Elevated mortalities of triploid eastern oysters cultured off-bottom in northern Gulf of Mexico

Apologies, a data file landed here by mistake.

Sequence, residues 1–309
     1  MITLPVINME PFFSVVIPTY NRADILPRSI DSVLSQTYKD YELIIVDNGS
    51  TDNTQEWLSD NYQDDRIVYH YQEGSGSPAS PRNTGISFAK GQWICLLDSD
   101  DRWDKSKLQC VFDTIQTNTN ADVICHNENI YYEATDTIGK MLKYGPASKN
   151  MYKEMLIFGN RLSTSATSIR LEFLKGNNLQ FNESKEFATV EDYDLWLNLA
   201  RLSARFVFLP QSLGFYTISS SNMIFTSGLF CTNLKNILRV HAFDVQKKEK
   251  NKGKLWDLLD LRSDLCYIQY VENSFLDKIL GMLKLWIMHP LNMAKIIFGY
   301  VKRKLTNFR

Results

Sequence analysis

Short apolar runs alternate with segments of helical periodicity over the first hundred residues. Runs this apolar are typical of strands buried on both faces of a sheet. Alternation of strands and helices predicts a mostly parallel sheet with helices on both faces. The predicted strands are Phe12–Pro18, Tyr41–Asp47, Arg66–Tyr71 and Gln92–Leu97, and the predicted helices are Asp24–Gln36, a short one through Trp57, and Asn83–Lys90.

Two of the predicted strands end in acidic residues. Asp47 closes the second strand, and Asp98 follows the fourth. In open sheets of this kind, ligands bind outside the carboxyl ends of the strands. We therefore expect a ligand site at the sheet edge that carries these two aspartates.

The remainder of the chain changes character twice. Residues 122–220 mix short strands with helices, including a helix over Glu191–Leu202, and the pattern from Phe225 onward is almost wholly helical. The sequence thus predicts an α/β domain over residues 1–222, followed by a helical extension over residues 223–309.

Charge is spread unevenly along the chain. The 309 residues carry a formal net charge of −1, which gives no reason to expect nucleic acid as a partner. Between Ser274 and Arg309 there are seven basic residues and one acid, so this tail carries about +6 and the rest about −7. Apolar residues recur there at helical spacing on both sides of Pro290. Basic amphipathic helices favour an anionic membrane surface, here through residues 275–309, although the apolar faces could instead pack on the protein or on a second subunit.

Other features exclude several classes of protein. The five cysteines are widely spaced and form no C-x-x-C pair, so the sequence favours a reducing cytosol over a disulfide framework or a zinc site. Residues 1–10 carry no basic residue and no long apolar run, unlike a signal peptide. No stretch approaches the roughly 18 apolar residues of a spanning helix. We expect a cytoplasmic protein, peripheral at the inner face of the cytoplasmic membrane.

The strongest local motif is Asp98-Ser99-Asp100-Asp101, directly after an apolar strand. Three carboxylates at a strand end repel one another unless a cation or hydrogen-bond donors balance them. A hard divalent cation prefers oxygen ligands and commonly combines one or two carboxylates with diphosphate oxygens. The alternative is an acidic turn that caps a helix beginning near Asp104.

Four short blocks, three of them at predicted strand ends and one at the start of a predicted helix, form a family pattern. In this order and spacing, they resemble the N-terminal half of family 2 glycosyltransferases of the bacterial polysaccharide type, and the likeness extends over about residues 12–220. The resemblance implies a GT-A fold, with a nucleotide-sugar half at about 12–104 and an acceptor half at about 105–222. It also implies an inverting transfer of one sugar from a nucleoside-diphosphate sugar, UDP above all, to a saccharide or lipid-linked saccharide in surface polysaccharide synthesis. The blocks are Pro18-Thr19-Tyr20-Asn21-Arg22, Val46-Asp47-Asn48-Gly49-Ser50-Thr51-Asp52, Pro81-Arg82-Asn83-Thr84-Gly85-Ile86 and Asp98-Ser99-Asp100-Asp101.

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© 2019 Elsevier B.V. After unusually high mortalities of eastern oysters (Crassostrea virginica) were reported at commercial farms in Alabama during the summer of 2016, this study was conducted to determine whether the mortalities were reproducible, site-specific, and linked to ploidy. Seed of triploid and diploid oysters were deployed in November 2016 at four sites adjacent to commercial oyster farms in Alabama: Mobile Bay, Navy Cove, Grand Bay, and Dauphin Island. Mortality, growth, condition index, gametogenesis, and Perkinsus marinus infection intensity were monitored until October 2017. Mortalities were significantly greater in triploids by the end of the study, but the magnitude and timing of mortalities differed among sites. Triploids and diploids at Mobile Bay experienced severe mortalities in summer (100% in about two months), and the start of this mortality event was delayed in diploids. Elevated triploid mortalities were observed at Navy Cove (77%) and Dauphin Island (60%) in late spring through fall, while oysters at Grand Bay suffered the lowest triploid mortalities (34%). Possible causes of the high mortalities included environmental conditions, such as prolonged periods of low salinity and high temperature in summer at Mobile Bay, as well as, heavy P. marinus infection intensities in fall at Grand Bay. Despite elevated triploid mortalities, both triploids and diploids showed faster shell height growth at Navy Cove and Dauphin Island. Conversely, the site with minimal triploid mortality had the slowest shell height growth overall, but the greatest difference in shell height between triploids and diploids. Analysis of gametogenic stages and gonad-to-body ratios over the summer revealed diploids primarily in the spawning stage and triploids showing delayed and diminished gametogenesis, with lower gonad-to-body ratios than diploids.

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